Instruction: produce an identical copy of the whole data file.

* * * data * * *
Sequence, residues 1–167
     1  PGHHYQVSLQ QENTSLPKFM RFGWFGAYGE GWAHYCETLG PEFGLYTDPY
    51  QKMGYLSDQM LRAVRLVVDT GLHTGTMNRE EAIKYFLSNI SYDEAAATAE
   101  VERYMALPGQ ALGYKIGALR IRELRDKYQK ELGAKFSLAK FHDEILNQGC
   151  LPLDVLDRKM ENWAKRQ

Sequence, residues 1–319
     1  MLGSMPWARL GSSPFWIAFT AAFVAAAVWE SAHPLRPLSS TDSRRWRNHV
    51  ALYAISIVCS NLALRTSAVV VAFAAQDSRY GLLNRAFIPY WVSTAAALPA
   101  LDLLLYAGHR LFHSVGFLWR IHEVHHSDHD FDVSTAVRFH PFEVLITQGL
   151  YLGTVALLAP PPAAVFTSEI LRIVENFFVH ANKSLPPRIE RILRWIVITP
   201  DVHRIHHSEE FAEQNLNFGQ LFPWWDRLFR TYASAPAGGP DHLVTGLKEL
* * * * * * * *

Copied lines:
Sequence, residues 1–167
     1  PGHHYQVSLQ QENTSLPKFM RFGWFGAYGE GWAHYCETLG PEFGLYTDPY
    51  QKMGYLSDQM LRAVRLVVDT GLHTGTMNRE EAIKYFLSNI SYDEAAATAE
   101  VERYMALPGQ ALGYKIGALR IRELRDKYQK ELGAKFSLAK FHDEILNQGC
   151  LPLDVLDRKM ENWAKRQ

Sequence, residues 1–319
     1  MLGSMPWARL GSSPFWIAFT AAFVAAAVWE SAHPLRPLSS TDSRRWRNHV
    51  ALYAISIVCS NLALRTSAVV VAFAAQDSRY GLLNRAFIPY WVSTAAALPA
   101  LDLLLYAGHR LFHSVGFLWR IHEVHHSDHD FDVSTAVRFH PFEVLITQGL
   151  YLGTVALLAP PPAAVFTSEI LRIVENFFVH ANKSLPPRIE RILRWIVITP
   201  DVHRIHHSEE FAEQNLNFGQ LFPWWDRLFR TYASAPAGGP DHLVTGLKEL